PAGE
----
Every south Indian breakfast is either dosa, idlis, puris or upma along with a variety of chutneys.
One chutney which has become very popular in most houses is Peanut or Groundnut or Nelakadala (in Konkani) chutney. I was first introduced to this amazing variety in one of my friend’s (she is from Andhra Pradesh) house, when she had served it with upma. After that, it has become a staple in our house.
It is made normally with peanuts and chillies and some spices. In my house, I normally add some coconut (of course, a must in every “amchi” or “konkani” household) and onions. I am sure you will also love this smooth, creamy accompaniment for any dish in your house.
Peanuts (roasted and deskinned) – ½ cup
Onions (red or white) : 2 tbsp
Coconut : 2 tbsp
Ginger : 1/2 inch piece, chopped
Red chillies (slightly roasted) : 2
Green chillies : 1 small, sliced or chopped
Tamarind paste : ½ tsp
Salt to taste
Tempering or seasoning:
Oil : 1 tsp
Mustard seeds : ½ tsp
Curry Leaves : 1 sprig (I did not have any, so skipped this)
In a small blender jar, add the peanuts, onions, coconut, red and green chillies.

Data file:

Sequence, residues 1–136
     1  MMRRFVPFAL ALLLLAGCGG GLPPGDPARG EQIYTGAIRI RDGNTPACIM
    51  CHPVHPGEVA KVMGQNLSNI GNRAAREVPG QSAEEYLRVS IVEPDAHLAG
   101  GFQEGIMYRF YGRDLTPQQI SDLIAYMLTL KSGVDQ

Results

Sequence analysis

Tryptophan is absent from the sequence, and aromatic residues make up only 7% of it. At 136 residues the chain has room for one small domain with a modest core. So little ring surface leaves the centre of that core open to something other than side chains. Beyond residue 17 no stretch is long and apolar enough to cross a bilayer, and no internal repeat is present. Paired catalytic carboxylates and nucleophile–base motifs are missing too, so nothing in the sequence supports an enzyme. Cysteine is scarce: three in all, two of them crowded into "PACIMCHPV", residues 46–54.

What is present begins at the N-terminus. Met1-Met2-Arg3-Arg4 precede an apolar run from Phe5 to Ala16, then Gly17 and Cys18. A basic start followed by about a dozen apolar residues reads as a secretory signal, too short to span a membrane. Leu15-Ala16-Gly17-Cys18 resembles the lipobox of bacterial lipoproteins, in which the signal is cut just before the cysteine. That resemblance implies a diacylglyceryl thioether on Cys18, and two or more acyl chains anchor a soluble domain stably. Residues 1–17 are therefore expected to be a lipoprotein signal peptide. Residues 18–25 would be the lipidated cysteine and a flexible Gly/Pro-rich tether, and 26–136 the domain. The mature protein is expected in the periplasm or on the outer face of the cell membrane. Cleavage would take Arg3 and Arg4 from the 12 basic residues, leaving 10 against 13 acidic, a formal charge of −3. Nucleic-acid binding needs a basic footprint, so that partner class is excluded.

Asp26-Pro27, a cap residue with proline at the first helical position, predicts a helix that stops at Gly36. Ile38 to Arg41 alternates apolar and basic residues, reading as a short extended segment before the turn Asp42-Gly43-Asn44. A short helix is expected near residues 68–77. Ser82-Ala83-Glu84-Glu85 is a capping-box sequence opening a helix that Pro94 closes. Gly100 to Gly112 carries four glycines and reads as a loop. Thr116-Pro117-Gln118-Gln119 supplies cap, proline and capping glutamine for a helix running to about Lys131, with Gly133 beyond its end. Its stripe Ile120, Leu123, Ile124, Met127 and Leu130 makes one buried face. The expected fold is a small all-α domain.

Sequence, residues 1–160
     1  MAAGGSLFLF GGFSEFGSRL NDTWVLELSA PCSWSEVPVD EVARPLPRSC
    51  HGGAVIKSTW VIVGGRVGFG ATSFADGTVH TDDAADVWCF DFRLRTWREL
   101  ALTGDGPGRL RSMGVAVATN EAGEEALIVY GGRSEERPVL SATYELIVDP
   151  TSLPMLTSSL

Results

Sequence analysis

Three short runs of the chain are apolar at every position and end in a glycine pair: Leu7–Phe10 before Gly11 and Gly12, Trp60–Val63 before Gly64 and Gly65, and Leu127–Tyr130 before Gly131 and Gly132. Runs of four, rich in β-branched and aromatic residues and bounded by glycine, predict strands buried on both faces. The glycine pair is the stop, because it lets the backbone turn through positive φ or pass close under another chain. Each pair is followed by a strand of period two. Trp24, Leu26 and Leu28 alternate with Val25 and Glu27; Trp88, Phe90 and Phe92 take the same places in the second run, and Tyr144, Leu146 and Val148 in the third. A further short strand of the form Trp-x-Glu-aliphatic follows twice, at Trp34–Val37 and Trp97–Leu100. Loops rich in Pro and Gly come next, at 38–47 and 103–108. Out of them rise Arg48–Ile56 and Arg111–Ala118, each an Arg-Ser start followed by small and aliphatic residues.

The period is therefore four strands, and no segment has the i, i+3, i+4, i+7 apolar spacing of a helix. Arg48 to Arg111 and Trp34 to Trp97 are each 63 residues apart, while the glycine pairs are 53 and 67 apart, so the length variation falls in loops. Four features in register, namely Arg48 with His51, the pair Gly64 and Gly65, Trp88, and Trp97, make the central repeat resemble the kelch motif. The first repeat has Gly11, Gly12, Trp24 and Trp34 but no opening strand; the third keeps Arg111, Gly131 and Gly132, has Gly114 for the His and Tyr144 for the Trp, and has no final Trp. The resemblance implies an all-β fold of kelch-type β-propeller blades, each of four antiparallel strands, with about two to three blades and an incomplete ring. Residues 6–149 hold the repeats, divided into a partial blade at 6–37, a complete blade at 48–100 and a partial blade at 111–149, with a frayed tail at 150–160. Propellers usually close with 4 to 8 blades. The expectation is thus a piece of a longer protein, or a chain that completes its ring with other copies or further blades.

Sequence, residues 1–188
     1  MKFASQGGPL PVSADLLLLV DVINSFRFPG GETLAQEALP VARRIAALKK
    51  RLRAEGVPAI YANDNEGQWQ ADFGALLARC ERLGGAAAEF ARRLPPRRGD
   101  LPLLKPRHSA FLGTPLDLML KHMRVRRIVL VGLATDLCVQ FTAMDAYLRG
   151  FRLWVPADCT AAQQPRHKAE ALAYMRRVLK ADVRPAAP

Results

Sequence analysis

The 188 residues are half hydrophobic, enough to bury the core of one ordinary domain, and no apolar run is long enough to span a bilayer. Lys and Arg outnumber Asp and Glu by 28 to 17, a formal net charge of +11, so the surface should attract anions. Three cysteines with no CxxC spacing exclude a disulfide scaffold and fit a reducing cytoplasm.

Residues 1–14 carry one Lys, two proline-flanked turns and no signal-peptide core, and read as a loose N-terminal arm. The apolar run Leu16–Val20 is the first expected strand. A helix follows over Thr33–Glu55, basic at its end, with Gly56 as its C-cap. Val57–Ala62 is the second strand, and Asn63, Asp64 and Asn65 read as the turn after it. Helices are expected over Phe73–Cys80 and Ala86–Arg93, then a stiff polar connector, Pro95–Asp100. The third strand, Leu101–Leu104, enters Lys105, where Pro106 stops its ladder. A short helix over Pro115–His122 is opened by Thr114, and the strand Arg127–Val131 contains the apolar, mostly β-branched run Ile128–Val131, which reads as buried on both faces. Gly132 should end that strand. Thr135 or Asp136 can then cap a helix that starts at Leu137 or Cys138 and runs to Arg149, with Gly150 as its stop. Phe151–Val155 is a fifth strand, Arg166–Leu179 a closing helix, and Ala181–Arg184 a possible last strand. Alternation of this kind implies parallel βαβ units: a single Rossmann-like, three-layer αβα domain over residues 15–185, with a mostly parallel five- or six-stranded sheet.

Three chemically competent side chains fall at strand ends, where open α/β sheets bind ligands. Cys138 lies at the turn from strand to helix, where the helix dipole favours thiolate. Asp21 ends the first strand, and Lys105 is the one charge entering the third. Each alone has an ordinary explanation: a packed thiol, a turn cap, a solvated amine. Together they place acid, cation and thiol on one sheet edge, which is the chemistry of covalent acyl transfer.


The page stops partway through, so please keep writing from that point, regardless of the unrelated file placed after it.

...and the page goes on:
Dry grind first.
Then add the tamarind paste and salt with a little water and blend to a fine paste.
Transfer to a serving bowl.
Heat the oil in a small pan, add the mustard seeds and curry leaves and add this tempering to the chutney.
Serve with dosas, idlis, upma or even as a spread for sandwiches.
You can omit the coconut if you want.
Another variation is garlic instead of ginger.
The tamarind and chillies can be adjusted to your taste. It tastes good without tempering too.
Bananas can last longer by wrapping the stem portion of the banana with plastic wrap.
This blocks the ethylene gas from being released from the stem; this slows the ripening of this fruit.